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Cecilia Baggini
Cecilia Baggini

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Best practice for building a RESTful API

Lately, I have been learning how to use Node.js and Express to build APIs. There are no fixed standards to build APIs, but reading online I identified some common themes on how to build a functional and usable API. Some common themes were:

Don’t return plain text

Even if the response body is formatted like a JSON, if the response header is not set as application/json some clients may have issues parsing it.

Use plural rather than singular

For example, use /articles/ rather than /article/

Avoid using verbs in URIs

Use the HTTP verbs (e.g. GET, POST, PUT, PATCH, DELETE) to let the user understand what sort of action the endpoint will perform.
For example, use POST: /users/ rather than POST: /users/newUser/

Always return a meaningful status code with error message in the response body

If the request is not successful, the API should return an error status rather than an ok status like 200. It is also helpful for the user if there is an error message in the response body.

Use trailing slashes consistently

All the endpoints of an API should be consistent in using trailing slashes (e.g. /users/) or not (e.g. /users). Ideally, the client should be automatically redirected to the correct endpoint if they use the other version of the URI. Most frameworks will have such an option, so it is worth looking for it and using it.

Use a framework

As an API gets more complex, it is worth investing some time in learning an API framework, such as Django REST Framework for Python or Restify for Node.js. Using an API-specific framework will make it much easier to keep the API consistent and usable.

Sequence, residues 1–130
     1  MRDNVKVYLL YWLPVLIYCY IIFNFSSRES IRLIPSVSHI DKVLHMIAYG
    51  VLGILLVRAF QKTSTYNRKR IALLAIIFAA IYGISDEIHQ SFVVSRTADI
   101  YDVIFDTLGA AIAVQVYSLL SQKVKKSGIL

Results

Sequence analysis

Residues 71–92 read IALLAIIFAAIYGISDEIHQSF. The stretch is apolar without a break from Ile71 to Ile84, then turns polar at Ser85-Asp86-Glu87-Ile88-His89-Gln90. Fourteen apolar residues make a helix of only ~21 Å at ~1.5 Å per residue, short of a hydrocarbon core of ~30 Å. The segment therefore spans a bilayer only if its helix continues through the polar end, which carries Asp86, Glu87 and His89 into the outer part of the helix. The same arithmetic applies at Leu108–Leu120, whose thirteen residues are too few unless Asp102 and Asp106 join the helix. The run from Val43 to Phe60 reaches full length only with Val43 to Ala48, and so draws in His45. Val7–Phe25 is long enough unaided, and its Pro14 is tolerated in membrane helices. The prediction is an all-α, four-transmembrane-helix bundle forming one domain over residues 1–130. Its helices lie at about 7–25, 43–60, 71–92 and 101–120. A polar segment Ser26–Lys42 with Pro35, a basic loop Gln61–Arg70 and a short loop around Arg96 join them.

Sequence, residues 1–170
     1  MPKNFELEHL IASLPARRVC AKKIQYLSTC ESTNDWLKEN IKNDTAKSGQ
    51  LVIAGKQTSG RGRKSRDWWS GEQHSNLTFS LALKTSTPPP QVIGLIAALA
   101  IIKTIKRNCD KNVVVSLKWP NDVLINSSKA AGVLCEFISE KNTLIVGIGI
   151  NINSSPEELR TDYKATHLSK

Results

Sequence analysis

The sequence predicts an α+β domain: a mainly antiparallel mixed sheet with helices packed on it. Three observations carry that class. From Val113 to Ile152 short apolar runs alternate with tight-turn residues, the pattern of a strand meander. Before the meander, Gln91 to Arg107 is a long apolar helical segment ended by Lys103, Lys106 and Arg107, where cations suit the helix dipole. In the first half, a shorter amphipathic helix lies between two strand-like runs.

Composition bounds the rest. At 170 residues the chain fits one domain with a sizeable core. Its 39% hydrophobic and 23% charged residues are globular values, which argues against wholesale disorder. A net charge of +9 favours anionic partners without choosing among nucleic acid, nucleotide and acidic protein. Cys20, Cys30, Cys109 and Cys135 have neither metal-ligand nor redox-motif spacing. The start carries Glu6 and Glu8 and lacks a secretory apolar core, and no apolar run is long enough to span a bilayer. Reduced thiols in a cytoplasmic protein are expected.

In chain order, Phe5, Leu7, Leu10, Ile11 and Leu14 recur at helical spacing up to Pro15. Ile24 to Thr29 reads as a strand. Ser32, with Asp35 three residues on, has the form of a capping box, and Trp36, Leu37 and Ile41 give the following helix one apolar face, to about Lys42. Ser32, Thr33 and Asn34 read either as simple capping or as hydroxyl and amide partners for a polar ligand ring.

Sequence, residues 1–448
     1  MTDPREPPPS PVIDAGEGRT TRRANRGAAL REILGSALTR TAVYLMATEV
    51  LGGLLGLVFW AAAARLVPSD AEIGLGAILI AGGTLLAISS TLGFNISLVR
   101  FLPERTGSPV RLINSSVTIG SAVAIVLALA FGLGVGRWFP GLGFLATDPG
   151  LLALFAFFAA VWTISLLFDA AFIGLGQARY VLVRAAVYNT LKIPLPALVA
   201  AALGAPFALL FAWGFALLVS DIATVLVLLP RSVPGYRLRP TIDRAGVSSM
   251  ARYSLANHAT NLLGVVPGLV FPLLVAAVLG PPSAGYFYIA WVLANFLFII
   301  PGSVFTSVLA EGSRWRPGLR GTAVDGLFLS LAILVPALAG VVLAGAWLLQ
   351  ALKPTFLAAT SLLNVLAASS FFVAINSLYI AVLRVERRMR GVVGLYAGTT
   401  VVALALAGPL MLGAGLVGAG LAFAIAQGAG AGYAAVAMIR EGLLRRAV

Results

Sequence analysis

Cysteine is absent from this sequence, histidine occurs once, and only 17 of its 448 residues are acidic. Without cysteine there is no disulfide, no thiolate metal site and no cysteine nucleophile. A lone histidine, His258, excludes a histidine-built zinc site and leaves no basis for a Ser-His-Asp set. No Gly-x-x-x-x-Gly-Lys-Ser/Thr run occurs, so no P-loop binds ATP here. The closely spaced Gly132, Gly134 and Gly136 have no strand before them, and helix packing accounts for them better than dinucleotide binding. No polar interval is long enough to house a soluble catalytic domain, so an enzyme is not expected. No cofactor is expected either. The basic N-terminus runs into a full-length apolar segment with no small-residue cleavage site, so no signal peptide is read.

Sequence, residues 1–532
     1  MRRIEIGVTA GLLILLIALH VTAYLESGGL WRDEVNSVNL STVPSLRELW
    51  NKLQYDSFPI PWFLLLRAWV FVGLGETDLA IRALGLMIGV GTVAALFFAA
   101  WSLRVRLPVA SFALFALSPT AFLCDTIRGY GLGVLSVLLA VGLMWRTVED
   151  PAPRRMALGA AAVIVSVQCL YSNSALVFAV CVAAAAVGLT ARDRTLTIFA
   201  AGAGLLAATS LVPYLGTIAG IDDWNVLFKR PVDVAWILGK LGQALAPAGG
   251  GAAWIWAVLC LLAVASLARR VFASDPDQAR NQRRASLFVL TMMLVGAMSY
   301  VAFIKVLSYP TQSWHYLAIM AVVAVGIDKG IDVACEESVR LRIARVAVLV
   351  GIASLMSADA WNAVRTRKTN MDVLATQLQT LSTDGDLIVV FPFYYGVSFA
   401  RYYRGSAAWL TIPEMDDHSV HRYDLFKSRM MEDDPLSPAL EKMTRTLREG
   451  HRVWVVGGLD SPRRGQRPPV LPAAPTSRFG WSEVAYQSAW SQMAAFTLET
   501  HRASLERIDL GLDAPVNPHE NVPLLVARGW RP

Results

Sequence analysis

Top comments (3)

jbristow profile image
Jon Bristow

I Disagree with:

  • plural vs singular - There's a lot of nuance here. Most people I've worked with prefer that thing/{id} returns a single thing, while things/ returns all things. As most things go, consistency is more important than what you ultimately choose here.|
  • verbs - Some apis (like AWS) are only verbs. Again, the important part is consistency. Choose one and don't mix unless it's important.

I Agree

  • Return good error statuses (be mindful with 401/403 and 5xx, they sometimes leak information)
  • Frameworks: Pick one and just go. However, be aware that you will eventually hate whichever one you picked.
belkheir profile image
Mahamed Belkheir

I like to think about plural vs singular by what that part of the url means, if it's an entity, a plural makes sense, you're not saying "I want all the posts", it's more like "I want to interact with the entity 'Posts'", with a GET at "/" being all/pagination, "/:id" being a singular fetch, Posting to a entity would be making a create request and what not.

I like this approach because it lowers variance, and imo easier to abstract for the frontend, instead of having to manually pick the singular/plural form, you can have just one word to refer to all the entity CRUD operations

energeticpixels profile image
Anthony Jackman

Especially the last sentence of the last bullet.